Painting edit

Pinewood derby 1972 Mark Donohue AMC Matador NASCAR racer.
Pinewood derby truck design.

Once the block is at the proper weight with axle holes or axle slot pilot holes drilled, it can be painted. Use a good wood primer and sand between coats with 400 and 600 grit wet or dry sandpaper that has been dipped in water. When the primer has been applied, a spray paint for plastic model or general applications can be used.

Windows can be added using silver enamel with black frames, headlights in yellow and tail lights in red. Decals or stickers can be used for additional decoration.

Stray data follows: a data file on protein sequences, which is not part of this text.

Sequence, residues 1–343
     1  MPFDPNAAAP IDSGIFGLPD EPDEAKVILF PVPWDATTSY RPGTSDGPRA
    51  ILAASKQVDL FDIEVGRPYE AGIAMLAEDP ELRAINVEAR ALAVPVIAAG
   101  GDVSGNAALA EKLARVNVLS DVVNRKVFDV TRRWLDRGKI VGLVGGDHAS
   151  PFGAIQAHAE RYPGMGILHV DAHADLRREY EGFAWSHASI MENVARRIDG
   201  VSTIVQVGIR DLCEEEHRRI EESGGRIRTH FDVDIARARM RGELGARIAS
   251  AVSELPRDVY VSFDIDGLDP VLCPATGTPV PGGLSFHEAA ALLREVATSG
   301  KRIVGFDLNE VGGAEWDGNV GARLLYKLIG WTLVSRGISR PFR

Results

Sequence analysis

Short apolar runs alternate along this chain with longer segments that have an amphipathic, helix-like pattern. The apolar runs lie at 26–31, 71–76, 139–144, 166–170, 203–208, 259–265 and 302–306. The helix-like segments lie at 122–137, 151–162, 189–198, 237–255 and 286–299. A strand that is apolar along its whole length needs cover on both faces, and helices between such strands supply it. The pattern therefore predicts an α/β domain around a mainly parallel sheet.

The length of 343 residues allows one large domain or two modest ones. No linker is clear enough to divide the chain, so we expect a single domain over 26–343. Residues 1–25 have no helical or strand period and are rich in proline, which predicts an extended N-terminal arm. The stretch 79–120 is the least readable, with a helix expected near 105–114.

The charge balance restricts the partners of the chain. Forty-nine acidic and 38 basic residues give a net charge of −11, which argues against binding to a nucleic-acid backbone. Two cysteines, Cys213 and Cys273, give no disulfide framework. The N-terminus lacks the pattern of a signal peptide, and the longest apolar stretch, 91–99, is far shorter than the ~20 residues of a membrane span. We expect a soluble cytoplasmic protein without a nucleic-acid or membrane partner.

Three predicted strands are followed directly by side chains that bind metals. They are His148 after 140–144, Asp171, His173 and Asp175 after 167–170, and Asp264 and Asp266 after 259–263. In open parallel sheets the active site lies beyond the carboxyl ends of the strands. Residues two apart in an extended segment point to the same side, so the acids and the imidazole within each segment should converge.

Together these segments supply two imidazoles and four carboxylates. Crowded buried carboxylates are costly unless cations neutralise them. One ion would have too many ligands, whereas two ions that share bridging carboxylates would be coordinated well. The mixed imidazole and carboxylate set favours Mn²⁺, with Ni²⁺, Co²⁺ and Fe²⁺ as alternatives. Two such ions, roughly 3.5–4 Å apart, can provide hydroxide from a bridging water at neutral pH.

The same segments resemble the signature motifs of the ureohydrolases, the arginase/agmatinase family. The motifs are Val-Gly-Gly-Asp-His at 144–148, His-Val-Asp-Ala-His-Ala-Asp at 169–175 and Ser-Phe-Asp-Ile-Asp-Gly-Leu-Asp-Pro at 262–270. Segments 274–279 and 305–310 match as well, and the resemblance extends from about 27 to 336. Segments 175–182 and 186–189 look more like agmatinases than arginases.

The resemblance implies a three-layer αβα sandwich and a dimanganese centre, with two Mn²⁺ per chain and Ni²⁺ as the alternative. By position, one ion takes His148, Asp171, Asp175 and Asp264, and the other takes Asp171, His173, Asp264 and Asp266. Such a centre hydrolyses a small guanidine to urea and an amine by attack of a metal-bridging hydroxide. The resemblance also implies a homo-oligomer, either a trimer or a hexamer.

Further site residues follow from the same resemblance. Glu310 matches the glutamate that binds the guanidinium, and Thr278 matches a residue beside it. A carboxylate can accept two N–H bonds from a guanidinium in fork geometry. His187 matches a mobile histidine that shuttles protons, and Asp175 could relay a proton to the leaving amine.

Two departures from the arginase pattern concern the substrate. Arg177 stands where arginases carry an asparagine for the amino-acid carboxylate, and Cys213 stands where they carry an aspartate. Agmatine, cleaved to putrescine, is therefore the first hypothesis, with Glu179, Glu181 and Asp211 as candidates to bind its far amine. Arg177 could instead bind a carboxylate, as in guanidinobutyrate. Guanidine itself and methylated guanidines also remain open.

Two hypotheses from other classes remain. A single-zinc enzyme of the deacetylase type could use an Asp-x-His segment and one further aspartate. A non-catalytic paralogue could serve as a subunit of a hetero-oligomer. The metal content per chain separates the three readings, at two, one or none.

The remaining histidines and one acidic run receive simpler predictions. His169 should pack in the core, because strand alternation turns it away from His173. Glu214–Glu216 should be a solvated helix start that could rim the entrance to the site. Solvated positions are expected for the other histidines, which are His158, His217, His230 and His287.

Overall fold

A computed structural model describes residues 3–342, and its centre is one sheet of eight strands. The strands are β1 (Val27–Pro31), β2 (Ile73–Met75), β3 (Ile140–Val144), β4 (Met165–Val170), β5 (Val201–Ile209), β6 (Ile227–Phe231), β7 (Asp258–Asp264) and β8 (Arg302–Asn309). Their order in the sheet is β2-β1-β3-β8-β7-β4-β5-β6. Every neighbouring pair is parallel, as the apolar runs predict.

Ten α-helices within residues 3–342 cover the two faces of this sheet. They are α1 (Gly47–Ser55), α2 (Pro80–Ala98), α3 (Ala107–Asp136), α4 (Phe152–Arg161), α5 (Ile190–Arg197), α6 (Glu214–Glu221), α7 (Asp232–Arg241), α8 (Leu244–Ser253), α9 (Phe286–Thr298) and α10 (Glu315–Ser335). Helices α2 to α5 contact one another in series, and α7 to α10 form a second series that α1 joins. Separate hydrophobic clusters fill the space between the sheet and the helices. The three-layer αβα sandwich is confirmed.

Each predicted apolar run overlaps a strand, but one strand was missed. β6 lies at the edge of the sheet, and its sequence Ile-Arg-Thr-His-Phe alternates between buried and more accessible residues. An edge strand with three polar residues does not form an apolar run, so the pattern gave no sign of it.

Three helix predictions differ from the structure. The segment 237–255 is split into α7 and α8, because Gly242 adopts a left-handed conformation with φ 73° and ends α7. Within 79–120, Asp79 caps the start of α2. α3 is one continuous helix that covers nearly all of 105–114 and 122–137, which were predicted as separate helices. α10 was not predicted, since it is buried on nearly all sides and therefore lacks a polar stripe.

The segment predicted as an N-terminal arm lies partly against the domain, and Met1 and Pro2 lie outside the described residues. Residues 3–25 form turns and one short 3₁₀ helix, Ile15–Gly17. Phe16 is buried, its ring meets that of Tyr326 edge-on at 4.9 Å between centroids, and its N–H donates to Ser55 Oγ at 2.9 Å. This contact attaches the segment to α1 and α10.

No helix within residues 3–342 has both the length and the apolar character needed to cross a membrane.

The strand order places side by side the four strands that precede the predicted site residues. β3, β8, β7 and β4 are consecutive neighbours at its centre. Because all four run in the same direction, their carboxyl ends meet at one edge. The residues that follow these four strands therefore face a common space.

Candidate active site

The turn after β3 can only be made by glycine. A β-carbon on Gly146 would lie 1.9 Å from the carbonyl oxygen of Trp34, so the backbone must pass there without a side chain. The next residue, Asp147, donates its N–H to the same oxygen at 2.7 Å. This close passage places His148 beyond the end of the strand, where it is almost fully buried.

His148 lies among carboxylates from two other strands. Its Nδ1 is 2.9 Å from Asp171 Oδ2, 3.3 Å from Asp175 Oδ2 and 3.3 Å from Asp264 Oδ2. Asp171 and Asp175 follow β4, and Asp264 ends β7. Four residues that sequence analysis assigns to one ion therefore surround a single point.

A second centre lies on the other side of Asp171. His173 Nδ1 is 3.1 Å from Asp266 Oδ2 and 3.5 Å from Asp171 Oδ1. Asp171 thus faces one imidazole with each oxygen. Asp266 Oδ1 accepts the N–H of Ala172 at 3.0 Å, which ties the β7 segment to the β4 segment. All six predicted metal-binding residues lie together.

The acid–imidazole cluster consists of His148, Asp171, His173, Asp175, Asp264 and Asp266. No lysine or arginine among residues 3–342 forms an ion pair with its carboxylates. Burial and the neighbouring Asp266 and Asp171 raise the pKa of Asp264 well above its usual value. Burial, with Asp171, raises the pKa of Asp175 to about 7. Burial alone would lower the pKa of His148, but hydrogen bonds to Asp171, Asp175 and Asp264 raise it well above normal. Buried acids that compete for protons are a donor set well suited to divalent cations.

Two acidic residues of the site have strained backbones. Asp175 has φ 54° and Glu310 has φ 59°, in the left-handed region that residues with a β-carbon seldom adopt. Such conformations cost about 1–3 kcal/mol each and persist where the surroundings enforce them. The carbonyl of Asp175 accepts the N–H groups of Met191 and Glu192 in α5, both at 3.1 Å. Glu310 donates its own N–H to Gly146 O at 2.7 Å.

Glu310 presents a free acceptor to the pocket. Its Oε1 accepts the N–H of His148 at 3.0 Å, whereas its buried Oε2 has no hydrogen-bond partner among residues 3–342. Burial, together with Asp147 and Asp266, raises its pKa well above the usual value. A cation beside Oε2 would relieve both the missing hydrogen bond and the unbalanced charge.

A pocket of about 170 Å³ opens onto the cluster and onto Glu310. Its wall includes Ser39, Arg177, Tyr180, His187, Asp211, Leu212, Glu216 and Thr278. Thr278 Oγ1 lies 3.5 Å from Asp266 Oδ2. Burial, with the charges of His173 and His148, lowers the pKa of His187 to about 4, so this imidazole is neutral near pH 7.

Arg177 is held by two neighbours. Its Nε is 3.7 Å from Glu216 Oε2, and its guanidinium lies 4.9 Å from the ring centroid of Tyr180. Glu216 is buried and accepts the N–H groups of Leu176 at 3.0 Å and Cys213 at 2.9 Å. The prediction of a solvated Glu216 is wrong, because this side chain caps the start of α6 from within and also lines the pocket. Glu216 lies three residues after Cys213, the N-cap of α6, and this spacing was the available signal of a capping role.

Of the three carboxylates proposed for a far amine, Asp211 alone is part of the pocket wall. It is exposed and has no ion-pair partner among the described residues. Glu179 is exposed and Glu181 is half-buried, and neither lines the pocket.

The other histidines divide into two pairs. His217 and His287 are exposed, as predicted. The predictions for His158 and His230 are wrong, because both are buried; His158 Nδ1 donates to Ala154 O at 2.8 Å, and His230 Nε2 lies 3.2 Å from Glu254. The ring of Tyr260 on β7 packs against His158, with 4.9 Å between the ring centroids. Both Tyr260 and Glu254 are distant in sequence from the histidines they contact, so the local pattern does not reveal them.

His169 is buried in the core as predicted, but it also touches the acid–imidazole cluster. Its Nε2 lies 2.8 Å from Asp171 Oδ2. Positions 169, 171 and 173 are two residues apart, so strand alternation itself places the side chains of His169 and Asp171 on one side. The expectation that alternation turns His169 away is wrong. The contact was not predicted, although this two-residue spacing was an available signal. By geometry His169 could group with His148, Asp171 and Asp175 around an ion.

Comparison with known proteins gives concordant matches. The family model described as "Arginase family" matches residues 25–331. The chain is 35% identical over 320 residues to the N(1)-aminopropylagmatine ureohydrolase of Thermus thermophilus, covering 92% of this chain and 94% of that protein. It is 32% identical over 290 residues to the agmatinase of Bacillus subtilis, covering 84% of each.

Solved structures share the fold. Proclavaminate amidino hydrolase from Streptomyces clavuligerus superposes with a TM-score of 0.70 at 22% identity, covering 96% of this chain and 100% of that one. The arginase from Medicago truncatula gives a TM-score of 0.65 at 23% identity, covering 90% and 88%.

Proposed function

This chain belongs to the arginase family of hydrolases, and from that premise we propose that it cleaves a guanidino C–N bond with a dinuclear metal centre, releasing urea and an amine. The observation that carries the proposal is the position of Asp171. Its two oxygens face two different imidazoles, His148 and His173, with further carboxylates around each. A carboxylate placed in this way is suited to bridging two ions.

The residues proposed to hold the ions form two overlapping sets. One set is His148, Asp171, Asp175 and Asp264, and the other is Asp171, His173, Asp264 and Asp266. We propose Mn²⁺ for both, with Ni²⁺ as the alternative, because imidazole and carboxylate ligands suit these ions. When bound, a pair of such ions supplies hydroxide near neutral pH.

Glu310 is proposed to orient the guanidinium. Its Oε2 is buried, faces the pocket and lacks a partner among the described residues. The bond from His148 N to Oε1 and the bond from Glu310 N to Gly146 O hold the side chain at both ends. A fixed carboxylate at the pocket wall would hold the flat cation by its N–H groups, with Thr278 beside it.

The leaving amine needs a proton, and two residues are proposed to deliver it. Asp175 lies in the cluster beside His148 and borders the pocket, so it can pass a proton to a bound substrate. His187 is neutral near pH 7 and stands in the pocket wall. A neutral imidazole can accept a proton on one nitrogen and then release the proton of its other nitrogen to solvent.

Be creative, have fun, but give the block a few days to a week to dry before assembly.

Waxing your paint will make for less wheel braking friction also before assembly. A small amount of graphite spray paint can be applied to the point where the hub contacts the car body.

References edit

  1. BSA Standard Block - Dimensions and Mass Properties
  2. Precision Drilled Block
  3. Free Pinewood Derby Plans
  4. Car Outline Cutting Guides
  5. Pinewood Derby Car Design Help
  6. Winning Pine Derby Car Plans
  7. Pinewood Derby Car Designs
  8. New pinewood derby kits in 1999/2000
  9. Ol' Buffalo Pine Car Page
  10. Learn to Build A Winner by Stan Pope: How To Improve A Pinewood Derby Racing Car
  11. Learn to Build A Winner by Stan Pope: Science 101
  12. The Airborne Lead Hazard
  13. Pinewood Derby Car Weights